What is a Modular Cleanroom?

What is a Modular Cleanroom?

Modular design is becoming a buzzword in the construction industry, which means it’s also becoming a consideration for companies looking to build or expand, and this includes companies that are designing new cleanrooms. While modular homes might be on your radar (and blocking the right lane of the expressway), modular cleanrooms should be too. So, what is a modular cleanroom?

 

What is modular design?

First, let’s briefly cover modular design. Modular design is an approach to design that separates a system into smaller, self-contained units that can be created individually then combined in various ways to create a whole system. In terms of building and architecture, modular design incorporates universal components that are manufactured in a factory, then assembled on-site into the desired configuration.

 

What is a modular cleanroom?

A modular cleanroom is a cleanroom that is built of pre-fabricated, manufactured components that are assembled to your specifications on-site. These pre-fab components include wall and ceiling panels as well as special features like pass thru chamber panels and air locks.

There are various different design options for modular cleanrooms, depending on your cleanroom’s needs in terms of application and required classification. Modular cleanrooms can be free-standing structures or they can incorporate existing walls and structures within your factory or facility. They can also incorporate existing equipment and HVAC. Modular cleanrooms can have hard walls that resemble traditional construction or soft walls that are somewhat tent-like for greater flexibility and ease of transport.

 

What are the benefits of modular cleanroom design?

There are many benefits of modular cleanrooms, including how quickly they can be built, with minimal disruption in your facility. Modular cleanrooms can also be easily expanded or modified—they can even be taken apart and reconstructed in a new location. And even though the components of modular cleanrooms are somewhat universal, you can still customize a modular cleanroom with a variety of special features and equipment to ensure that it meets your application’s specific needs. These are all immense benefits, and save time and money over most traditionally constructed cleanrooms.  

If you’re interested in learning more about modular cleanroom design, check out our Cleanroom Design Guide or get in touch with one of our cleanroom design engineers.

How to Determine Your Cleanroom Design Budget

How to Determine Your Cleanroom Design Budget

Budget: the part of any major project that no one wants to talk about or deal with. Cleanroom design is no exception. Given the very specific and specialized nature of cleanroom design and the unique requirements of each type of cleanroom, it can be difficult to know at the outset of your cleanroom design project what your budget should be. Here are a few things to consider when determining your cleanroom design budget.

 

Type of construction

First of all, are there different types of construction? Yes, when it comes to cleanrooms, you can choose either traditional or modular cleanroom construction. (Read more on traditional vs. modular cleanroom construction here.) Depending on your cleanroom size and application, modular construction may be the more economical choice. If you go the route of traditional construction, you’ll need to include more room in the budget for that.

 

Wall type

For modular cleanrooms, there are a few different wall options, which come at different price points. Softwall cleanrooms are going to have a lower cost than Hardwall or Rigidwall cleanrooms, in most cases. They are a more curtain-like material as opposed to a more traditional wall, which is beneficial for impermanent, small, or lower-classification cleanrooms. However, if your cleanroom must meet a very stringent ISO classification, Hardwall or Rigidwall design may be necessary.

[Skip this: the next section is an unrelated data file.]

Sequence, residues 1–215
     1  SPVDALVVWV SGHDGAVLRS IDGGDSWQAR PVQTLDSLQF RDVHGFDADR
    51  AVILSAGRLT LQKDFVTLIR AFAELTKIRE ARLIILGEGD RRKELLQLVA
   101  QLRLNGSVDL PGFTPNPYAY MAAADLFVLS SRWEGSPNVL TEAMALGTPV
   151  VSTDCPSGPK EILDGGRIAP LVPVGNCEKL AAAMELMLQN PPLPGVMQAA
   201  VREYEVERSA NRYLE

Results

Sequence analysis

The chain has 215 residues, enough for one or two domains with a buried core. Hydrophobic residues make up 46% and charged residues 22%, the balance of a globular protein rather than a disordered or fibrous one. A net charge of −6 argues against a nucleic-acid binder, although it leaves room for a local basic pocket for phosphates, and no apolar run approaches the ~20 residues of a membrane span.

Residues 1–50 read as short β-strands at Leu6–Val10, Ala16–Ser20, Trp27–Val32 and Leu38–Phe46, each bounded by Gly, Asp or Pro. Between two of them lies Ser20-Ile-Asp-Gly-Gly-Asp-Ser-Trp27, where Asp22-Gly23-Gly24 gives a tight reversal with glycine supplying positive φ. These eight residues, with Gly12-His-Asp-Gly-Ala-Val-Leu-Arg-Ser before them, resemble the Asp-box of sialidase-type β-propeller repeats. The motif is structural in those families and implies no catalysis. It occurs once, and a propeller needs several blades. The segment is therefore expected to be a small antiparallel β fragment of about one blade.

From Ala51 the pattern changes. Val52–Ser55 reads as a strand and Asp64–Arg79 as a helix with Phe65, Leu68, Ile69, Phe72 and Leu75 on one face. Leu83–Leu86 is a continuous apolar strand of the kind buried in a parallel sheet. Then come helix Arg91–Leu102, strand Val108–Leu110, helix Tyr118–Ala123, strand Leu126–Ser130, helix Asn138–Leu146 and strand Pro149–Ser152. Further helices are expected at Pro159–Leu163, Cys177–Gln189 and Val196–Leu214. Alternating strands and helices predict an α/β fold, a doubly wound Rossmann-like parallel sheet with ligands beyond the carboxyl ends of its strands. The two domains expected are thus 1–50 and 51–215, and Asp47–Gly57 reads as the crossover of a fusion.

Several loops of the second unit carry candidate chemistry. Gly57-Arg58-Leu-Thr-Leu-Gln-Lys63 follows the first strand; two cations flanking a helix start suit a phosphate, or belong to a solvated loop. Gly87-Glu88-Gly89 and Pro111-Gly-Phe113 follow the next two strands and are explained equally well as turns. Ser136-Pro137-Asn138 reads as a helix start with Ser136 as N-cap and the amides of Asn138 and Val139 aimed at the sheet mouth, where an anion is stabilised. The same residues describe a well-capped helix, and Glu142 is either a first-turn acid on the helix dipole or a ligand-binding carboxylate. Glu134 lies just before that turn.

Equipment and special features

It comes as no surprise that special equipment and features cost money. If your cleanroom application requires a fume hood, hazardous materials storage cabinetry, a talk-thru panel, a pass-thru chamber, an airlock, an air shower, or any other feature that you wouldn’t find in a normal room, you’ll need to account for that additional cost in your budget.

 

Required classification

As a general rule, the higher the cleanroom class, the higher cost to build and maintain. A biotechnology cleanroom required to meet ISO Class 5 (Fed Std 209E Class 100) standards is going to cost more in terms of materials and equipment, to build and maintain than an ISO Class 8 (Fed Std 209E Class 100,000) storage cleanroom. The higher the classification, the more special features, like those mentioned previously, that the cleanroom will need, the more gowning and personal protective equipment that will be necessary for employees, and the more energy and filters that will be necessary to remove contaminants.

 

No matter your needs and budget, Angstrom Technology can design a cleanroom that works for your application. Get in touch today.

Modular vs Traditional Construction for Cleanrooms

Modular vs Traditional Construction for Cleanrooms

When it comes to building a new cleanroom, the biggest, and possibly first decision you’ll have to make is whether your cleanroom will be modular or traditionally constructed. There are benefits and limitations to each of these options, and it can be difficult to determine the right choice for your cleanroom application. Here’s our take on modular cleanrooms vs traditional construction.

 

Flexibility

For applications requiring flexibility, modular construction is your best bet. Traditional construction can’t be packed up and moved to another location. Nor is it as easy to expand as modular construction where adjustments are minor, such as detaching a few panels and adding more to them. Instead, you have to totally renovate, knocking out walls, etc. Depending on your cleanroom use and classification, you could have a super-flexible Softwall cleanroom, which has impermanent curtain-like walls or a Rigidwall or Hardwall cleanroom, with thicker, more substantial wall panels.